watching unfamiliar stars trace
so far from home
they chew through silverbeet
nibble the petals of the calendula &
sip the sparse early morning dew
hypervigilant. hyperactive. biomechanical eating machines –
a-whir and click-flicking through the garden &
into my sleep
23 years ago, we are at the edge of the Kuranda Rainforest track. Outside, there is only glare and heat and damp. The morning sun bites hard and hot. The bitumen is sticky with heat. The air is so wet that I breathe heavy from the short walk from home. And the blazing song of a million million cicadas buzz, throb, and pulse around us.
Kirra and me, we carefully ease past a cascading curtain of wait-a-while, and we enter the forest.
We enter the cool and dark and quiet.
We enter the stillness of the forest.
I pause to breathe a few breaths and to be present, here.
Kirra wriggles off my hip and runs ahead.
In the heart of this forest there’s a spot where the Kuranda creek murmurs around a large flat rock, 15 steps across: 25 steps for Kirra. There are flay dry patches of rock and little pools, rivulets, and a deep crevasse where an eel may – or may not – live.
Kirra is playing in the creek, perched on the rock, writing on the water with her stick and counting taddies.
I lie on the cool cool stone to look up at the forest giants.
The giant trees, columns and canopy shade us completely: just a few slender rays of sunlight are made visible where they illuminate a leaf, a twig, or tiny floating particles of dust.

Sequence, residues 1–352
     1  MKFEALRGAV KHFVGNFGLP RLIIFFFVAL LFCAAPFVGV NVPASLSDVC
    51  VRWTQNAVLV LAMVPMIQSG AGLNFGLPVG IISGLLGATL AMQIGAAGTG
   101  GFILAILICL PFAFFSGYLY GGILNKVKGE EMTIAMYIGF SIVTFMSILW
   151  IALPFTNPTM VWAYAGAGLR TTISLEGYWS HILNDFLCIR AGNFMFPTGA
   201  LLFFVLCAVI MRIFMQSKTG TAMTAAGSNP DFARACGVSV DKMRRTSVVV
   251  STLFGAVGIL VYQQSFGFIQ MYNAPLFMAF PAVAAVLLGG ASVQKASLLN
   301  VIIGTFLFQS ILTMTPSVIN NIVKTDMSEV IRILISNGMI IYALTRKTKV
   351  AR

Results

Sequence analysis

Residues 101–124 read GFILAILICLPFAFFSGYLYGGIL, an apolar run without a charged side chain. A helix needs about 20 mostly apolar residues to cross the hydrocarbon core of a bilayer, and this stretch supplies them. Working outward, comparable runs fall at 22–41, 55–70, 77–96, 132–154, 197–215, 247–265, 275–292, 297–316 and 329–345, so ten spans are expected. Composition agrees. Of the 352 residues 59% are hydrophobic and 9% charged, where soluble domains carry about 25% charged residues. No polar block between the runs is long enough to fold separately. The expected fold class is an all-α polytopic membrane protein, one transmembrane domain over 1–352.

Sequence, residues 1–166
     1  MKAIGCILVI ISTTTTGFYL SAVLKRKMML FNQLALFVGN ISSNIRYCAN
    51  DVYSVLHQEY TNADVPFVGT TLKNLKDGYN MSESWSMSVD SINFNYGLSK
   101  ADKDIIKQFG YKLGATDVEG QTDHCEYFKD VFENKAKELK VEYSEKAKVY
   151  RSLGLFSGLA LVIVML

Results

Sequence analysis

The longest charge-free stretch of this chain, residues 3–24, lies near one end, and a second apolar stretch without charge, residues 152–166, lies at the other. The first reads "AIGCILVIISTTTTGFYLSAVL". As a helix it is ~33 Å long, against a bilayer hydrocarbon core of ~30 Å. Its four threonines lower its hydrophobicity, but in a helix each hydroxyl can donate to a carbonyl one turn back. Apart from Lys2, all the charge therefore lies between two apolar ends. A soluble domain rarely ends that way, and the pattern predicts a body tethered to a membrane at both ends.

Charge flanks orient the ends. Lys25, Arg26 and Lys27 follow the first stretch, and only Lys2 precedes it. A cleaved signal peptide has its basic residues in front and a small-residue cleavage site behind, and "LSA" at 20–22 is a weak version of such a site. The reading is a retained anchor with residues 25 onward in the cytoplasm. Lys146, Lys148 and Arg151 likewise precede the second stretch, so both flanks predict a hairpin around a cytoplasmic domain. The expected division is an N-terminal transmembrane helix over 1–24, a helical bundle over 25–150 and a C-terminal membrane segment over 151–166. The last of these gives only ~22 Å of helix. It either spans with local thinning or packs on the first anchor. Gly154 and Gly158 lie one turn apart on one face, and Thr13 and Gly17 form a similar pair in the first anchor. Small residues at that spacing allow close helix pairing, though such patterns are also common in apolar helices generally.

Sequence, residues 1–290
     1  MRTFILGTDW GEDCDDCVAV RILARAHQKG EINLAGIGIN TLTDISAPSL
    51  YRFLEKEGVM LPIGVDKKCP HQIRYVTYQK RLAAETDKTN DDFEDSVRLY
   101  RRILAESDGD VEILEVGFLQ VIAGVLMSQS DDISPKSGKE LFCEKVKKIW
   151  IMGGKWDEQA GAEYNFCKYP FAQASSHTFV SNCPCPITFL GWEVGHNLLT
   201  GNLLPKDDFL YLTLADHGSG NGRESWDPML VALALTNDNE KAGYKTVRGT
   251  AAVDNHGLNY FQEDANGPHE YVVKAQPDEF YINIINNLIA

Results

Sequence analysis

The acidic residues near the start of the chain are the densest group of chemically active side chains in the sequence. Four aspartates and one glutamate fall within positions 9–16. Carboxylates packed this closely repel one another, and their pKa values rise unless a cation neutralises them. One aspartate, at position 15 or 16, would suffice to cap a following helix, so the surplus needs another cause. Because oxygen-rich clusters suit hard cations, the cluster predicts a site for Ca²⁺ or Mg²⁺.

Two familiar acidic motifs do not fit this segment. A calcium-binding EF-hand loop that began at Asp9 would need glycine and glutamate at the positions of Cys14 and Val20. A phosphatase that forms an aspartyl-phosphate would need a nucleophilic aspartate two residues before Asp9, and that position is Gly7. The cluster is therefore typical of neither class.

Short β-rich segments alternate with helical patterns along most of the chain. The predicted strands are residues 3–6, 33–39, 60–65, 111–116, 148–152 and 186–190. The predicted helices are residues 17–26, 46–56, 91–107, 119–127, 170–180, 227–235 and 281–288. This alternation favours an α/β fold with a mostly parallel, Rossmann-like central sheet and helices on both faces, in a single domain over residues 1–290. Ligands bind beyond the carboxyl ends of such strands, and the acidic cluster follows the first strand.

And rising between the columns, a cloud of Richmond birdwing butterflies, green stained glass, catch and reflect that sunlight as they circle and eddy slowly in a gentle updraft.
Coiled tight around her beating heart
she ventures forward.
With the weight of all heavy on her back
she scribes the world in silver.
a bird in flight that leaves no trace –
the touch of knowing does not grab,
but leaves things as they are
traceless bird –
to know you,
& leave you as you are
“Like a bird in flight that leaves no trace, the touch of knowing does not grab but leaves things as they are.” (p 14.).
Puhakka, Kaisa. (2000). An invitation to authentic knowing. In Tobin Hart, Peter L Nelson & Kaisa Puhakka (Eds.), Transpersonal knowing: Exploring the horizon of consciousness. (pp. 11-31). New York: NY. State University of New York Press.
the ocean – here
a response to Haiku Horizon’s prompt – Ocean
and with total respect to and in awe of Toni Child’s Where’s the Ocean?
… for being able to appreciate the wonder and mystery of the universe in the face of a dandelion.
heart of our
solar system, a
yellow dwarf star, a
hot ball of
everything from the
biggest planets to the
smallest particles of debris in
center of the
milky way galaxy,
the sun and
radiation belts and
life on earth possible,
basis of many
the sun and the
rest of the
formed from a
giant, rotating cloud of
solar nebula about
our sun accounts for
99.8% of the
mass of the
entire solar system
the sun will
run out of
starts to die, it
will swell so
big that it
mercury and venus and
found poem from beautiful original material retrieved from the NASA website in 2017. NASA. Sun: In depth. https://solarsystem.nasa.gov/planets/sun/indepth
through closed lids:
molten gold –
bouncing off Melinda J. Irvine’s sunlight